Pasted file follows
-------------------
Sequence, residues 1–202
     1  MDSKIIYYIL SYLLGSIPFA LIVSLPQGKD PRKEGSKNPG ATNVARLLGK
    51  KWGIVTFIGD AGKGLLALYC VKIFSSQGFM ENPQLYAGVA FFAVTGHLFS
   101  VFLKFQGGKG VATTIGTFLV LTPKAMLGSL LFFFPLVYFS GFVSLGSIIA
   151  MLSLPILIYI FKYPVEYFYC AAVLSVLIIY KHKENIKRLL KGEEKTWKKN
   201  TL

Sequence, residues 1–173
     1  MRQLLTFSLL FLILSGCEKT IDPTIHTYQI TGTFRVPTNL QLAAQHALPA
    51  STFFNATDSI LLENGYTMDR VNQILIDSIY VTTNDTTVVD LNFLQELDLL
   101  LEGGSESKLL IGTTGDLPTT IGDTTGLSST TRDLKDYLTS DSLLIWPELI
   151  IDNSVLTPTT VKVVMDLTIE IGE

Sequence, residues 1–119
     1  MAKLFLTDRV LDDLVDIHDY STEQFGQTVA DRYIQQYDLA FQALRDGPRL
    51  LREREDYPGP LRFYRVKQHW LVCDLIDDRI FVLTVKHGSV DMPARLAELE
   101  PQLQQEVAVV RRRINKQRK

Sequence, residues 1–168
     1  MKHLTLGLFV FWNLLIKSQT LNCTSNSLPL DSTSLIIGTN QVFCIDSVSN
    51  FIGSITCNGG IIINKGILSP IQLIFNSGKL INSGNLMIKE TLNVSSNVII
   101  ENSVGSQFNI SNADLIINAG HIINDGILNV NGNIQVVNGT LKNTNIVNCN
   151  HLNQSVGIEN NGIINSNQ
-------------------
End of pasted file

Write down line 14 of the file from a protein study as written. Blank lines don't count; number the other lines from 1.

    51  LREREDYPGP LRFYRVKQHW LVCDLIDDRI FVLTVKHGSV DMPARLAELE